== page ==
This past Monday, Glenn Beck introduced Americans to Deepak Bhargava, the former ACORN official who has spent the past 15 years with the Center for Community Change (CCC), where he now serves as Executive Director. CCC recruits and trains activists to spearhead leftist “political issue campaigns” – modeling its training techniques on those of the famed radical organizer Saul Alinsky, whose method of stealth revolution and infiltration deeply influenced a young community organizer in Chicago named Barack Obama. Thus it is no surprise that Bhargava’s enthusiasm for Obama’s presidency is quite profound.
Early in 2009 Bhargava, who serves as a board member for the far-left periodical The Nation and for George Soros’s Open Society Institute (which seeks to fundamentally transform American politics and culture in so many ways), was a guest speaker at an event titled “Advancing Change in the Age of Obama,” where he told an audience of supporters a great deal about what makes him tick.
Bhargava lamented, for instance, that “widely shared prosperity” historically had been difficult to achieve in America because the country “is still deeply structured by racism.” He cited the Reagan era as a low point in American history, where “we had a cultural kind of revolution in this country — the idea that greed is good, that suspicion of our neighbors at home and abroad is just and justified.”
Bhargava explained that his mindset during the pre-Obama years had been reflexively contrarian, a hallmark of the political left:
“I spent my entire career basically not having a lot of trouble figuring out what I was gonna say the next day in response to a reporter. I was opposed to it. You could pretty much name it; I was opposed to it.”
But this attitude had undergone “a pretty radical shift in orientation,” he said, with the ascension of an ally like Obama to the White House. Explaining that it “takes a dynamic relationship between political leadership and outside movements in order to produce these kinds of crucible changes, these big changes,” Bhargava described President Obama as a figure capable of bringing about the “structural changes” of “enormous” magnitude that would be “required” to set America on a proper path. Referring to Obama as “the country’s first Community-Organizer-in-Chief,” Bhargava said:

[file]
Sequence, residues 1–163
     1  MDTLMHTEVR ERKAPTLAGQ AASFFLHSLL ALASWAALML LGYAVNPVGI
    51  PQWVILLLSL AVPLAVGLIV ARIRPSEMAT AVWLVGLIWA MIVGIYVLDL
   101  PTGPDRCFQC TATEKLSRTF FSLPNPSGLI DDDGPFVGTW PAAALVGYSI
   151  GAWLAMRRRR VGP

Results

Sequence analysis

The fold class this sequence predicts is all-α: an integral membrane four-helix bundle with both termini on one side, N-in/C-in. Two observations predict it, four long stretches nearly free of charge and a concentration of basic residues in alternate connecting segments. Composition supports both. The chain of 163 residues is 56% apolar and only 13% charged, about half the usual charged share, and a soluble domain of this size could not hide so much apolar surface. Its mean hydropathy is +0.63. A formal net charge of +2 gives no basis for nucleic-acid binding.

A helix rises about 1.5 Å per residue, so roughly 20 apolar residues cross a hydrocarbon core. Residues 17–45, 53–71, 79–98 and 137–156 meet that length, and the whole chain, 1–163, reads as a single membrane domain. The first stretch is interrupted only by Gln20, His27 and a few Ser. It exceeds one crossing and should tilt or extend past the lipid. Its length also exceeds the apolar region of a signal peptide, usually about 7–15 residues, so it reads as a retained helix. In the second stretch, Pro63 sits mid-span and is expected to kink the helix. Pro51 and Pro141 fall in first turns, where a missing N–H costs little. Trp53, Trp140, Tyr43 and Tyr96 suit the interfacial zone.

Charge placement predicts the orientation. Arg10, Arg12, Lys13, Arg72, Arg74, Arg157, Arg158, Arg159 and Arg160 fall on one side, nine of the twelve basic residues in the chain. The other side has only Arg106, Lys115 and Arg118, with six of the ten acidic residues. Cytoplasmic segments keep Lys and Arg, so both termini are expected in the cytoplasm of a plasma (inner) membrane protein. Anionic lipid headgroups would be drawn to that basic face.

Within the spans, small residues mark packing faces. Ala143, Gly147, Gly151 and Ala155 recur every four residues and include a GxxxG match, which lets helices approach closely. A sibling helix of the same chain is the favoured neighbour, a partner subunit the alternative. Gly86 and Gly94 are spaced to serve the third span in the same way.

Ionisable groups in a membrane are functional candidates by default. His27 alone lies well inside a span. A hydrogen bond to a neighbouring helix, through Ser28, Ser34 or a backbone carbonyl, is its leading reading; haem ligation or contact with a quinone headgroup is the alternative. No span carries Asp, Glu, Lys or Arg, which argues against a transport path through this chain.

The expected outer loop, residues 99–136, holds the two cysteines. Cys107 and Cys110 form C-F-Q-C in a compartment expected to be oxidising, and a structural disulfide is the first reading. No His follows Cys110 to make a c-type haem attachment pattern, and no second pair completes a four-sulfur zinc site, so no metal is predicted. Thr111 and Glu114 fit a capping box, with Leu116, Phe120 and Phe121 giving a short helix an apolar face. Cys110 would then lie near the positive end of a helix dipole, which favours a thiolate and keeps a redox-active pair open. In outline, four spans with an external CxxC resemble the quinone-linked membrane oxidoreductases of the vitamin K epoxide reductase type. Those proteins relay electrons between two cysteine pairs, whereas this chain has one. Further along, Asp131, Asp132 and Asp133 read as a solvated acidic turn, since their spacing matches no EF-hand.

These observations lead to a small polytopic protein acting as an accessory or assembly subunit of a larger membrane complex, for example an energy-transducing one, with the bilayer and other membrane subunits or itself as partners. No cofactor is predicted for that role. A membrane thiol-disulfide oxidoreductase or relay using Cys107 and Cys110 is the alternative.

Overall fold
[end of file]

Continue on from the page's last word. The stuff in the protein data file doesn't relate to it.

“I feel really lucky to be alive at a time when I think transformational progressive change is possible, because those moments in American history are very rare.”
“We know from history that there are at least three ingredients [required] for that transformational change to happen. We do need visionary leadership that is capable of building durable coalitions. We need big crises, economic, foreign policy and otherwise that force the breakdown of old paradigms and old ways of seeing the world. And most importantly, we need independent social movements that create public will, that generate ideas that deliver votes.”
He later said that “the economic crisis” of 2008 had provided a “great ideological opening” for the left – a statement reminiscent of Obama chief of staff Rahm Emanuel’s infamous assertion that “a crisis is a terrible thing to waste.”
Bhargava also called for the creation of an economic system that “values our collective quality of life more than the private accumulation of wealth.” In a similar spirit, he advocated “a more robust role for government” in the lives of the American people. And, anticipating the types of massive government programs (the stimulus package, cap-and-trade, health care reform, etc.) which President Obama would seek to implement with a great sense of urgency, Bhargava said: “we’re going to have to probably get better at moving fast” because “change happens in big leaps.”
Bhargava and Obama are ideological soul mates. Through his work with CCC, Bhargava is in a position to do a great deal to advance the President’s agendas with blazing speed.